Droughtmasters prove their worth in stud and commercial herds

Sponsored by Africa Droughtmaster Cattle Breeders’ Society

Johan Kemp, Chris van Niekerk and Riaan Venter started the Elandsberg Droughtmaster stud seven years ago. Impressed by the breed’s ability to excel under their extensive farming conditions in a mountainous region in northern KwaZulu-Natal, they are now also in the process of converting their commercial beef cattle herd into a pure Droughtmaster herd.

Droughtmasters prove their worth in stud and commercial herds
Chris van Niekerk (left), Johan Kemp and Riaan Venter (not photographed) own and run the Elandsberg Droughtmaster stud.
Photo: Denene Erasmud
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It is a little disconcerting to think that the lush, green valley at the foot of the Elandsberg, which rises to an elevation of 1 653m above sea level, was once the scene of extensive coal mining. Most traces of the Kempslust mining activity have, while still not fully erased, been hidden under a green cover of young vegetation.

Situated between the towns of Paulpietersburg and Utrecht within the Amajuba and Zululand district municipalities in KwaZulu-Natal, the Elandsberg area is one of South Africa’s most significant water source areas and the primary catchment for the Tugela and Pongola river systems, which supply a great many downstream users.

As a result, the area received formal environmental protection in 2021 with the declaration of the 25 000ha Elandsberg Protected Environment. It comes as no surprise then that for Chris van Niekerk, Johan Kemp and Riaan Venter, who farm on the slopes of the Elandsberg, environmental protection is a primary focus.

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Van Niekerk and Kemp have been business partners for 30 years, running a 3 500ha farm. Venter joined the farming operation as a third partner about 15 years ago.

These days, their main farming operation is beef cattle production. They also farm sheep, and are in the process of establishing a kiwifruit orchard and hope to start harvesting their first fruit within the next two to three years.

Getting started
About seven years ago, the business partners decided to start breeding their own bulls for their commercial beef cattle operation. This ultimately steered the business in a new direction.

“Before we started breeding Droughtmasters, we would buy Grassfields Beef bulls from the late Hubert Shaw and his son Rustin to use on our commercial herd. At one of their sales, they had Droughtmaster bulls and female animals on offer, and we were impressed by their temperament, uniformity and conformation,” says Kemp.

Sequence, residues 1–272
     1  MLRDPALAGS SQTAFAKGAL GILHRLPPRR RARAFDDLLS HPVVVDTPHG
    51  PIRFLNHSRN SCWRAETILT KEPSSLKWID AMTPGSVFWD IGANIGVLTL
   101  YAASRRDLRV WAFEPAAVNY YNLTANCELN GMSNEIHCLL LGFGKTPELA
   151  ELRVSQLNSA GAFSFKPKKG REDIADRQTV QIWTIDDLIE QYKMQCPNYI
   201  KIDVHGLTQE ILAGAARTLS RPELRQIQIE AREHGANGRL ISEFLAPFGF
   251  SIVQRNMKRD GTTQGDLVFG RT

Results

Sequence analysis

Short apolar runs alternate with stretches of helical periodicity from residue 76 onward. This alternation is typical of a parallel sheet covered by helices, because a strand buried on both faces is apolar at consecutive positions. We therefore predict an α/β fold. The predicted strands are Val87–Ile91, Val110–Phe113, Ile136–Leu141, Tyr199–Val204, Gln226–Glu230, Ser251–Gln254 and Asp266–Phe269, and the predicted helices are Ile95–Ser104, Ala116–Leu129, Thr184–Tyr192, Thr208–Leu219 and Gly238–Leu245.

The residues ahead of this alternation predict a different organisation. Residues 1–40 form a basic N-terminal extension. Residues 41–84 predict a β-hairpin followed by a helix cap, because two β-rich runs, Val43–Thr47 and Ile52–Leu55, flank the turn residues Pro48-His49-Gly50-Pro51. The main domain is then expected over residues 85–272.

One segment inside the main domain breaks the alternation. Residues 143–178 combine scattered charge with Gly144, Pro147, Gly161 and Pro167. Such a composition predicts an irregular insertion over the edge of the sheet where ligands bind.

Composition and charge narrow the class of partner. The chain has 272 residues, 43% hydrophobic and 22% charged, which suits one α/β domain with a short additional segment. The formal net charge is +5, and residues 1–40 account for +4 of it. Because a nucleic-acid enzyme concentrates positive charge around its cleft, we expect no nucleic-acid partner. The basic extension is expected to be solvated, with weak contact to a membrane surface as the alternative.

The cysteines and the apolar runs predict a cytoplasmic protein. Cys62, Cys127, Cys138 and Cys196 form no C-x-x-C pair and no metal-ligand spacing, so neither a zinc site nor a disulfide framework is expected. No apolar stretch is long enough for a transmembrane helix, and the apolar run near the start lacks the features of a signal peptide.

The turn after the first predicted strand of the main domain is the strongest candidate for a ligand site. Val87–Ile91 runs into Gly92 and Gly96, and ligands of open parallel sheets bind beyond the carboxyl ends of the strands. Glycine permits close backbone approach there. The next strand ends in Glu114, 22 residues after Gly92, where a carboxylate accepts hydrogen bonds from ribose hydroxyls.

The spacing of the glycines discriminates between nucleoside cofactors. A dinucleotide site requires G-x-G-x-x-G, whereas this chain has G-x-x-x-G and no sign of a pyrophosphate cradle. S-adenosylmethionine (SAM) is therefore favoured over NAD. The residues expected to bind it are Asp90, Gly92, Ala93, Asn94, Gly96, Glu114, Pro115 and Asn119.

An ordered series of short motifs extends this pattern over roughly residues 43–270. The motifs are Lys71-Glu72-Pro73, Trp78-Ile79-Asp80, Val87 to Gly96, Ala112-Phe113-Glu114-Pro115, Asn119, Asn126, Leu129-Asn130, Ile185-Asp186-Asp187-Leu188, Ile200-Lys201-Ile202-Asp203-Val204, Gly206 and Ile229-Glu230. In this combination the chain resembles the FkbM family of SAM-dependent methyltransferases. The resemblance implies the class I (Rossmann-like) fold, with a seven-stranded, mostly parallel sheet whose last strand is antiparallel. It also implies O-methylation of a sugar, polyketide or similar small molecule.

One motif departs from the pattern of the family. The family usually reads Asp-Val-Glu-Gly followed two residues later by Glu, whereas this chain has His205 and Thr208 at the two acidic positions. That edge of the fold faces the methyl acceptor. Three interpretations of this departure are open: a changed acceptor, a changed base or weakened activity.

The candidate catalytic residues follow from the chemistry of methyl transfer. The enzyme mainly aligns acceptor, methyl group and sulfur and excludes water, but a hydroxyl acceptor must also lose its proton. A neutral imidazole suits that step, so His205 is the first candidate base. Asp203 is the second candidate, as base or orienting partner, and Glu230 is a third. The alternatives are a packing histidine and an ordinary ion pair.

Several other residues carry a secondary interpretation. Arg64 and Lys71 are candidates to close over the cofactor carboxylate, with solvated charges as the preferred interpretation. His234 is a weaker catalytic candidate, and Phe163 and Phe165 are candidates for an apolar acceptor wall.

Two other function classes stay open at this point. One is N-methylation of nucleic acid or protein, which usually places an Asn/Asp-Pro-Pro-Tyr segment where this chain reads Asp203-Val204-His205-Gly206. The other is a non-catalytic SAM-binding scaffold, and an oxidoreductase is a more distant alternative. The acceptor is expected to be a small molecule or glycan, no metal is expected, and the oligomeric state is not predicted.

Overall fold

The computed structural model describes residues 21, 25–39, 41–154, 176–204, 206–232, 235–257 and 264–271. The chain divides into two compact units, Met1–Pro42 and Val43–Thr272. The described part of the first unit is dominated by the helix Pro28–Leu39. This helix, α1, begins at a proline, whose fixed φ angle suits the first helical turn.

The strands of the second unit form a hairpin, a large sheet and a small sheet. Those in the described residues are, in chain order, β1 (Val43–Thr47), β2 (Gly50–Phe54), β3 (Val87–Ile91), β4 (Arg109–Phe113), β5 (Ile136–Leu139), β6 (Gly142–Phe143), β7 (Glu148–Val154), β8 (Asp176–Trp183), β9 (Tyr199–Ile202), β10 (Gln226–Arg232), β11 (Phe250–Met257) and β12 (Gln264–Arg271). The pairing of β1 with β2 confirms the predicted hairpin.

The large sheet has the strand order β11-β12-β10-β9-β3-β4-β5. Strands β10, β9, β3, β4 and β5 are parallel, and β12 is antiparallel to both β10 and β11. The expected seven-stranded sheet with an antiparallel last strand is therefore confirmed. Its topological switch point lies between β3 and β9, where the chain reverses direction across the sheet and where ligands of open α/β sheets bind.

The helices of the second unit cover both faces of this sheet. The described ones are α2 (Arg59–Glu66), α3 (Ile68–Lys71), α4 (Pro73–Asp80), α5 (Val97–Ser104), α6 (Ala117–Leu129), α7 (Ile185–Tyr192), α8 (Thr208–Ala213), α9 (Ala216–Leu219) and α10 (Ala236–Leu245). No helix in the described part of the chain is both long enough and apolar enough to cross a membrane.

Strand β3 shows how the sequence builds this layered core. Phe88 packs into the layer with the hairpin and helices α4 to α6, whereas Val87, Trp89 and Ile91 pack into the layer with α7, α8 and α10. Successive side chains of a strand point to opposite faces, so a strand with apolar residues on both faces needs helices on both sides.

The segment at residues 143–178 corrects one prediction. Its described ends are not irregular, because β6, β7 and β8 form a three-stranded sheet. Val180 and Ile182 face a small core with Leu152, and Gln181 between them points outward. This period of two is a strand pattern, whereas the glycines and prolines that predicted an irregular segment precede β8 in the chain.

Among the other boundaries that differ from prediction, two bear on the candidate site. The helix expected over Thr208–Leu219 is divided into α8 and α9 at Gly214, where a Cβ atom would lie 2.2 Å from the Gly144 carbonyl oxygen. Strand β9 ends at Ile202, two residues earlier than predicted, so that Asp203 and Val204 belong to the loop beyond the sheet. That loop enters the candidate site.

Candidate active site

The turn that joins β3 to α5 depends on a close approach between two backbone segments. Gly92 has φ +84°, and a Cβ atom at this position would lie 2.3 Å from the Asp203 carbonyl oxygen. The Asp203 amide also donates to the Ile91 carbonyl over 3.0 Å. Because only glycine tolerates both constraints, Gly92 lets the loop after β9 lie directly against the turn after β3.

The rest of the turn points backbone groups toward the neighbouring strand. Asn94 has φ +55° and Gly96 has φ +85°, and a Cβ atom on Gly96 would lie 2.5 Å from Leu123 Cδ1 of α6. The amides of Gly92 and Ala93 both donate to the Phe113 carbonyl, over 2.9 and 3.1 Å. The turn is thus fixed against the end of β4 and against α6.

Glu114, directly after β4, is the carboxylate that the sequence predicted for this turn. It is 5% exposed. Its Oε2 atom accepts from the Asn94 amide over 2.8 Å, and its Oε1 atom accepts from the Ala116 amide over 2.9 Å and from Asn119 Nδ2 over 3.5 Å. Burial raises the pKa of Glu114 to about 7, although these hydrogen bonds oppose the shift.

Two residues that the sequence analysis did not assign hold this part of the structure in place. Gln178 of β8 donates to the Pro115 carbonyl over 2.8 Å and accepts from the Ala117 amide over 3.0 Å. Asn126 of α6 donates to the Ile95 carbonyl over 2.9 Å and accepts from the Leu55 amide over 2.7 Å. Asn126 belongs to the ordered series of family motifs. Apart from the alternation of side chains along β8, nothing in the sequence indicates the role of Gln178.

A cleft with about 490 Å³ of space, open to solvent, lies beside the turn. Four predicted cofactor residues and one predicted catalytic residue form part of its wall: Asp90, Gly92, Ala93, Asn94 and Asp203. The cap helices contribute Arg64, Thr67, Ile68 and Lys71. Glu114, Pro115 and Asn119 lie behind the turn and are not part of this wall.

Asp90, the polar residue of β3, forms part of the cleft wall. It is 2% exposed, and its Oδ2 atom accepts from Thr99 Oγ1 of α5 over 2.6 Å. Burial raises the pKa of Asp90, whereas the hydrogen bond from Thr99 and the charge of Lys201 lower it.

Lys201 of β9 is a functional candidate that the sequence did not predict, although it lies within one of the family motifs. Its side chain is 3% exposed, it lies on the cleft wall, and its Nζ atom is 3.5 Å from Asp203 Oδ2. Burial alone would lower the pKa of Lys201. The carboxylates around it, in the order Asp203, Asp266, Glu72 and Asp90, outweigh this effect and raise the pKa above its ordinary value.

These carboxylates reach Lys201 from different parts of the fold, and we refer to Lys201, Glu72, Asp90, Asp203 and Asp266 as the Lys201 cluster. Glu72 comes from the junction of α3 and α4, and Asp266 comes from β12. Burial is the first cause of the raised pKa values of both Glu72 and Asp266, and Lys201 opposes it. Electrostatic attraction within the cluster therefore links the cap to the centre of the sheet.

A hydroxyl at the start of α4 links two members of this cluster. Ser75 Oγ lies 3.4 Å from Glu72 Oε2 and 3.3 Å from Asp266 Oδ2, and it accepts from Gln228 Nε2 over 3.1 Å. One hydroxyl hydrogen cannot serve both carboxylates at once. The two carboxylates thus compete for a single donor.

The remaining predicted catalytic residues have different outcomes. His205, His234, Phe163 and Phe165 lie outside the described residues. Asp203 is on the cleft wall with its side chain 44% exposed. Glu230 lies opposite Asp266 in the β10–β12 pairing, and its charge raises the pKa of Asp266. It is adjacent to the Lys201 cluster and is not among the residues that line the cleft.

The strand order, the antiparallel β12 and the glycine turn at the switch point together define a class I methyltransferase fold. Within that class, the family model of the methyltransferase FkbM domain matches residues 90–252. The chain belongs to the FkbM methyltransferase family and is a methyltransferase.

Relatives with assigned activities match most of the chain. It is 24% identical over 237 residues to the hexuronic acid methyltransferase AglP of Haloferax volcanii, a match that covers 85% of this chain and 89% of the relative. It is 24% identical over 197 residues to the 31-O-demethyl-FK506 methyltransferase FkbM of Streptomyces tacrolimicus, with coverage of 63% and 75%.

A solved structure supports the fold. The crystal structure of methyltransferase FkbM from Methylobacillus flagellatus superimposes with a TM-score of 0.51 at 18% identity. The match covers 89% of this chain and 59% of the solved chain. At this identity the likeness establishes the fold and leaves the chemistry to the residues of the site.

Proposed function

In 2014, they started breeding Droughtmasters and bought two groups of F1 and base cows, consisting of 14 in-calf cows from F4 Droughtmaster bulls, at the Shaws’ annual production sale.

“Right from the start we found them to be hardy and able to perform well in our extensive conditions,” says Van Niekerk.

They bought their first Droughtmaster bull in 2014 from Underberg-based breeder Chippie Watson.

With the support of Ian Currin, a technical adviser for the Africa Droughtmaster Cattle Breeders’ Society, the business partners sourced top genetics from well-known breeders to further improve the stud herd. The Shaws also assisted them by giving them access to one of their Droughtmaster sires.

“We later acquired shares in two of the Shaws’ stud sires and used their semen to artificially inseminate some of the female animals in our herd. This helped us make faster progress in improving the genetics in our stud,” Van Niekerk says.

In 2017, they bought a Droughtmaster stud sire from Hurwitz Farming and another bull from Watson in 2020.

“We are now in the fortunate position where we are able to breed all the bulls that we need for our commercial herd ourselves, which means we no longer have to buy in any bulls for the commercial herd,” Van Niekerk says.

Their Elandsberg Droughtmaster stud has grown to include about 100 registered breeding female animals, while the commercial herd consists of roughly 600 Droughtmaster-type female animals, which are mated with two-year old stud bulls.

Grazing management
The farm is in a sourveld area, and the main grass type is red grass (Themeda triandra). Summers are hot and humid with maximum temperatures in the high 30s, and winters are mostly mild, but the area can experience very cold days with temperatures dropping to day-time lows of 5°C. While a rare occurrence, the area does sometimes get snow in winter, especially higher up in the mountains. Rainfall generally varies between 850mm and
1 000mm per annum.

“In our beef farming operation, we focus on preserving the natural veld; overstocking is not an option. We strictly abide by the carrying capacity of 3ha/LSU,” says Van Niekerk, who is the stud master for Elandsberg Droughtmasters.